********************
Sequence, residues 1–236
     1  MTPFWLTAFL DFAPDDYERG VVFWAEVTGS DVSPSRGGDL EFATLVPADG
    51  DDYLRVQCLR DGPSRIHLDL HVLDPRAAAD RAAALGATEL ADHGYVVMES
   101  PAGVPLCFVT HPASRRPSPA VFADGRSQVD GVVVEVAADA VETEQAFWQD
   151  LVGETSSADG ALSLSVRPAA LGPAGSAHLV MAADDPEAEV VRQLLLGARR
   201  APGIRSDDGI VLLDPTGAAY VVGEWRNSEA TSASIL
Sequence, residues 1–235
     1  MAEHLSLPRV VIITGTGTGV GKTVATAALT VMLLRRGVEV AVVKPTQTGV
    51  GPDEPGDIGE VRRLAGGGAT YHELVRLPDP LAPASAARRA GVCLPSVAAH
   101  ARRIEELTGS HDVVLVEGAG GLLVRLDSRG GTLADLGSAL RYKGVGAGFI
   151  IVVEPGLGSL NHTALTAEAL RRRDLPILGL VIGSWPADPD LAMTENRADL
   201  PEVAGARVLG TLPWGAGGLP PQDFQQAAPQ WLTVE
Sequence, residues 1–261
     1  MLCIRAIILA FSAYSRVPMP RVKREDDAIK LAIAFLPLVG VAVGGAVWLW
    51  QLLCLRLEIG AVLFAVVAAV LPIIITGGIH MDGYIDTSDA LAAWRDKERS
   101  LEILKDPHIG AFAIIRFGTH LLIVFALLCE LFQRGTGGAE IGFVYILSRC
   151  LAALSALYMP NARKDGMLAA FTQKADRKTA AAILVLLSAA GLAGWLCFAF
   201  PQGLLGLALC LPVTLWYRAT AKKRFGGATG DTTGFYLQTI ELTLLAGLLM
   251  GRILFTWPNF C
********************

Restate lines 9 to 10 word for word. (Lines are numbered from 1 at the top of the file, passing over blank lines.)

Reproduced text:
    51  GPDEPGDIGE VRRLAGGGAT YHELVRLPDP LAPASAARRA GVCLPSVAAH
   101  ARRIEELTGS HDVVLVEGAG GLLVRLDSRG GTLADLGSAL RYKGVGAGFI